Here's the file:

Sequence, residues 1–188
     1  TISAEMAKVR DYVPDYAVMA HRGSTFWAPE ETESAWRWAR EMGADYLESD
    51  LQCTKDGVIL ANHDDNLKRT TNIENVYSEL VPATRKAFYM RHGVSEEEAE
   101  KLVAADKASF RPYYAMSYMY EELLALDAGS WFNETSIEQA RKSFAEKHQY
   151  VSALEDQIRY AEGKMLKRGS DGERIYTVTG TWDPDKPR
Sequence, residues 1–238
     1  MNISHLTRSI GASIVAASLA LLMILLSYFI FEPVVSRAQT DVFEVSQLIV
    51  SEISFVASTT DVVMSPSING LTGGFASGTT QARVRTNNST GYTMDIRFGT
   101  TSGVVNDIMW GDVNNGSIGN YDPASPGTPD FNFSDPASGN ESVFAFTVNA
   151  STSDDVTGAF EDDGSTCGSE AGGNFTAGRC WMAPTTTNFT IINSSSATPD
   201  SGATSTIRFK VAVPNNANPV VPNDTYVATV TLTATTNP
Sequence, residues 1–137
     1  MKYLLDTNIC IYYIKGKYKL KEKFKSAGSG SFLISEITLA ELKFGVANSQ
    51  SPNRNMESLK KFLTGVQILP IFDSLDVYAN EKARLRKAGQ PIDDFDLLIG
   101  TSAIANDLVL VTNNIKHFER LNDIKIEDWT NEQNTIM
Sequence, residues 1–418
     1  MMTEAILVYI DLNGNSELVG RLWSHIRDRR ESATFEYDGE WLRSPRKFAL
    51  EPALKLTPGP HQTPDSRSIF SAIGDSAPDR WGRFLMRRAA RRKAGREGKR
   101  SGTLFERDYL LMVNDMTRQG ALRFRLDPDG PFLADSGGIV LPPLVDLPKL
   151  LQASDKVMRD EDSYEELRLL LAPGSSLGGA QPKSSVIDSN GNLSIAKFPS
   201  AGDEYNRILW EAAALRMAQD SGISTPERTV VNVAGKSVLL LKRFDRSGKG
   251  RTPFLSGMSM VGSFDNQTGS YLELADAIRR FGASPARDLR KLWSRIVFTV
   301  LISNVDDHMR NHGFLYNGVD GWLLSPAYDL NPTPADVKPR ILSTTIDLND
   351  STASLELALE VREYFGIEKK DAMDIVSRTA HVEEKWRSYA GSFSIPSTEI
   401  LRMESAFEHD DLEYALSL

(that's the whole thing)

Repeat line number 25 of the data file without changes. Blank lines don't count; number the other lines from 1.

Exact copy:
   401  LRMESAFEHD DLEYALSL